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The Interdisciplinary Work of Lyss England

Posts tagged career

I recently began “Integral Coaching” sessions with an absolutely delightful woman named Rae Kess. This process started with a conversation about where I’m at personally and with my creative work. It then moved to world-building and goal-setting. Then, Rae created a rad outline for our work (it’s very based on metaphors, super cool stuff) that provided a one-sentence focus for my work over the next 5 months. The topic she identified after our conversation was:

“To be more able to set clear boundaries so I can focus my energy on structuring and monetizing the creative work that I care about.”

To get there, one thing we discussed a current way of being and a new way of being. For me, the current way of being involves attending to other people’s needs and pushing aside my own creative projects because my energy has been spent elsewhere. Moving in to the new way of being will, theoretically, involve setting up structures that support my work so that I can be more intentional with where I spend my energy.

The thing that I’m intentionally maintaining is keeping a lot on my plate. I love to be busy, it keeps me well. The key is where I am prioritizing and focusing my energy. In order to re-set my energy throughout the day, Rae suggested a 5-minute-a-day exercise she calls “Tiny Explosions” (LOVE IT). The idea is that our bodies need to be engaged in the transition towards a new way of being. If I am emotionally/mentally/spiritually in a state of transition, it makes sense that my body ought to be as well- even if it’s just in a small way.

As a disabled person, I recognize the importance of connecting with my body and tuning in to it. This makes a lot of sense to me. So, I reached out on social media to crowd source strategies people in my community that people use to refocus their energy during their workday.
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Not surprisingly, people came up with a ton of great strategies. Here they are all in one place (with links to what they’re talking about):

Jasmine-June Cabanaw – Sun salutations

Ron Hyatt – Short walks, meditation

Amy Anderson-Macarthur – Exercise ball vs chair, Resistance bands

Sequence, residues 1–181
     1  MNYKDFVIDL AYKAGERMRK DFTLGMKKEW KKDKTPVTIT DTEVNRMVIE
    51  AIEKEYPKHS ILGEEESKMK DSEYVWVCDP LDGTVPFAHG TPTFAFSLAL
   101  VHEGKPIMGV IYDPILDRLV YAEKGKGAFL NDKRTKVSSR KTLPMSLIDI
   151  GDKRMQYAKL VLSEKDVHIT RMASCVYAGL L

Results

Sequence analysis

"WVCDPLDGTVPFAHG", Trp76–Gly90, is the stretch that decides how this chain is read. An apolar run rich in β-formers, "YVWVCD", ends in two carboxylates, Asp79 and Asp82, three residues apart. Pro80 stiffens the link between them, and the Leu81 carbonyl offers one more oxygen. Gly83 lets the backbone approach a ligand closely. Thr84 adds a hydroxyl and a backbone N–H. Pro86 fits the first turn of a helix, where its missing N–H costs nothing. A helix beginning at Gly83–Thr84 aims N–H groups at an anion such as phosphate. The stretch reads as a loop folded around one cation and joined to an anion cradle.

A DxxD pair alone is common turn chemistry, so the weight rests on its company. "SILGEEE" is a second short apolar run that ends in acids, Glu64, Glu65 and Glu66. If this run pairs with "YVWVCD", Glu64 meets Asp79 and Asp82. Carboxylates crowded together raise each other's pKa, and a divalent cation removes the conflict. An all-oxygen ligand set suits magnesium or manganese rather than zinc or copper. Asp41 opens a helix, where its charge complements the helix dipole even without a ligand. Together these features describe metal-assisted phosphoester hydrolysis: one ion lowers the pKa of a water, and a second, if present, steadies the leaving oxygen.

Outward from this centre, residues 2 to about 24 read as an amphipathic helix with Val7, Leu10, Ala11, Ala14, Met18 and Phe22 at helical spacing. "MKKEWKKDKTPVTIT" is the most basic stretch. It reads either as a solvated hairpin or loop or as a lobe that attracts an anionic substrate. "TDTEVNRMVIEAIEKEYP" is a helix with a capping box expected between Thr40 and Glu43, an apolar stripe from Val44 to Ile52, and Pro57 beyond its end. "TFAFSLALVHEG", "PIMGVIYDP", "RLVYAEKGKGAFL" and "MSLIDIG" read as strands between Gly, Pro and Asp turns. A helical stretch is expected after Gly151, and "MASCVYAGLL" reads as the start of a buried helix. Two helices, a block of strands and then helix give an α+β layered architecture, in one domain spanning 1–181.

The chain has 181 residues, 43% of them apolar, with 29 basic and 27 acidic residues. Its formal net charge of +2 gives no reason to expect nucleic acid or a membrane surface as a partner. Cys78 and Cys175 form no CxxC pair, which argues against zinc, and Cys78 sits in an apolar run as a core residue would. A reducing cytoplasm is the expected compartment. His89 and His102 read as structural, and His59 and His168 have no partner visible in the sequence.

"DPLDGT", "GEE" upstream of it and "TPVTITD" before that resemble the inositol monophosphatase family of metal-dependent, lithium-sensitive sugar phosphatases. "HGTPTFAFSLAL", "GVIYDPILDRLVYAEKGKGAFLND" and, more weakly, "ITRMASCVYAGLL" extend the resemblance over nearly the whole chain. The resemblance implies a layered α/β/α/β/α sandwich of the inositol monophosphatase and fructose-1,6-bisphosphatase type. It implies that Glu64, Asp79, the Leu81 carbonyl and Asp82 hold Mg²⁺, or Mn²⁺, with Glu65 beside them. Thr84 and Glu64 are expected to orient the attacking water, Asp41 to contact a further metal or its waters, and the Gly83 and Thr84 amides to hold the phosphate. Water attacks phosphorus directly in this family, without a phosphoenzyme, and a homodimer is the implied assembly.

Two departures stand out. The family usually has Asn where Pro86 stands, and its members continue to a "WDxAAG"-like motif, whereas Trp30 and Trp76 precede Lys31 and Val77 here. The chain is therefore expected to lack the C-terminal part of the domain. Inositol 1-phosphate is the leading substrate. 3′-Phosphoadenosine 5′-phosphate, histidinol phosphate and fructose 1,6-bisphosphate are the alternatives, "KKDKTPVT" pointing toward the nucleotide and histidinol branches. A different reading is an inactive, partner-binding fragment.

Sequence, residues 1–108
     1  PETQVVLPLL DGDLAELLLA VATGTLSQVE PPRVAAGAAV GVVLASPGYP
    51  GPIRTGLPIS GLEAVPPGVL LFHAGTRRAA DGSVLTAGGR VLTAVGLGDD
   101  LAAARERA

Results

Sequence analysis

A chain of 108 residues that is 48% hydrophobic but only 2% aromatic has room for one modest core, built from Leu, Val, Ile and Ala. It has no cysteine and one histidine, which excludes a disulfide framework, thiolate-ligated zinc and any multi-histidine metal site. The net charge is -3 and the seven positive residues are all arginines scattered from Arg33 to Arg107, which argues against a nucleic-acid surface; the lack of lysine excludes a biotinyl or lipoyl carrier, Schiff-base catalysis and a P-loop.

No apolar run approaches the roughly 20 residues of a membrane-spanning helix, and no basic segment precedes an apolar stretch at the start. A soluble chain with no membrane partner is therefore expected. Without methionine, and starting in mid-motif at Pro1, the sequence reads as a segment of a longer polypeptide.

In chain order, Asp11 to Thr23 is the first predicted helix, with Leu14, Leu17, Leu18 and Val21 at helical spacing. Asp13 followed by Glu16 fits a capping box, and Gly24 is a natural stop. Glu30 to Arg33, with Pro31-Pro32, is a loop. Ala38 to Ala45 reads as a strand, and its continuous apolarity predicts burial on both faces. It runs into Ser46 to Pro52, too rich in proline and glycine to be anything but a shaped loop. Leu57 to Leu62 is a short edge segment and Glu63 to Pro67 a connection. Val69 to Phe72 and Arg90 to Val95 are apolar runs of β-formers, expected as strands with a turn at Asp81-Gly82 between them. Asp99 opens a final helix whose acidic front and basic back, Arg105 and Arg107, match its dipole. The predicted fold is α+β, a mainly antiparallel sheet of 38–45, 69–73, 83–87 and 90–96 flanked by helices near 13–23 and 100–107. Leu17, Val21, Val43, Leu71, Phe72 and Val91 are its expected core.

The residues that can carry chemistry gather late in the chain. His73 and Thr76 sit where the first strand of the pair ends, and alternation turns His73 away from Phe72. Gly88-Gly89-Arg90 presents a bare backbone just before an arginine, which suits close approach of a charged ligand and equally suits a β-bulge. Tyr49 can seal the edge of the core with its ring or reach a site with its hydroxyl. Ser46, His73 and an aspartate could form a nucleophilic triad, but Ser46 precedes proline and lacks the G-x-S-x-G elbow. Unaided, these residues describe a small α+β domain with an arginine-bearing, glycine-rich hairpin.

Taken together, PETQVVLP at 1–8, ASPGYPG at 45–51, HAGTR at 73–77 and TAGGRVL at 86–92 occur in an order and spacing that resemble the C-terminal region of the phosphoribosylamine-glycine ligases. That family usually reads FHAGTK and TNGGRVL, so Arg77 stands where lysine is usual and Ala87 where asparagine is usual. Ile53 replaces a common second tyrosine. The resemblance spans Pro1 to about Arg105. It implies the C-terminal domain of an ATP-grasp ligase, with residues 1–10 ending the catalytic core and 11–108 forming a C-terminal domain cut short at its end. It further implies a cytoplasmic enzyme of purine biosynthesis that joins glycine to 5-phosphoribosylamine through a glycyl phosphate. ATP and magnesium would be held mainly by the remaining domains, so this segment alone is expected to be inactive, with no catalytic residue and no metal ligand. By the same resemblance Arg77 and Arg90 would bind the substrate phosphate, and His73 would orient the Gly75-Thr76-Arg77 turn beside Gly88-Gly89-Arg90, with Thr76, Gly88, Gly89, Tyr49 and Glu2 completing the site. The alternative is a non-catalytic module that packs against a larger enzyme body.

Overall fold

Jenni Burke – Spinal Flex: inhale forward and exhale back.

Heather Harrison – Kundalini

Cailey McCormack a cuddle with my pupper – no joke. She sits on my lap and stares at me and I stare back and it makes me laugh, and then I put her down on the ground and take a few deep breaths. I also drink an entire glass of water. It’s one of my strategies for helping me get out of a panic attack. Something about it that works.

Amber Dawn Vibert Eating food and drinking water is the only thing that makes me feel okay

Paul Devlin – I just take a moment to be happy I’m at work and not in the hospital or jail. Positive thinking for a min to keep me moving

Ariel Patricia – Jumping jacks

Craig Martin I leave work early. Takes 5ish minutes. When I get home and jump into the pool it totally re-energizes me.

Richard D. Quodomine – Feng Shui health and exercise balls

Danielle Hobbs – I run my hands under really cold water, like ice cold.

Dayna Lepofsky – Go for a short walk, cold water on the wrists or face, a quick stretch in the sun if possible, stretch out my limbs in the chair if I can’t leave my desk, crack my back, blink really really hard a few times but this one kind of just makes me dizzy sometimes lol

Sarah Jean Kennedy – I wash my hands and splash my face with cold water a few times. Fix my makeup and hair then back at it!

Tom Keefer – My fitness program consists only of doing one set of as many push-ups I can do once a day. It works pretty good and is real quick.

Andrew Charles Weed – pen

Monique Melanson  – Do a breathing exercise

Kim Doolittle – Sleep and naps

Jesse Watts – I do a couple 5 minute meditations a day. Helps me with my anxiety and helps me get “grounded”/relax. Not really physical but helps with body connections.

Jeff Wheeldon – Pushups. Start small, but do it many times per day. Amazing how fast your strength can improve from incremental gains, and it wakes me up like nothing else.

Anne-Marie Bouthillette – 5minute meditation/deep breathing/body scan

Effie Dice – Wim Hof breathing

To summarize, the most common suggestions were:

  • Push ups or jumping jacks
  • Meditation
  • Washing hands or face with cold water
  • Drinking a glass of water
  • Stretching

 

It’s powerful what happens when we ask for what we need. Try some of these strategies if you’re looking for a “tiny explosion” to refocus during your work day. Or, better yet, ask your community what strategies they use!

(Thanks for the inspiration, Rae!)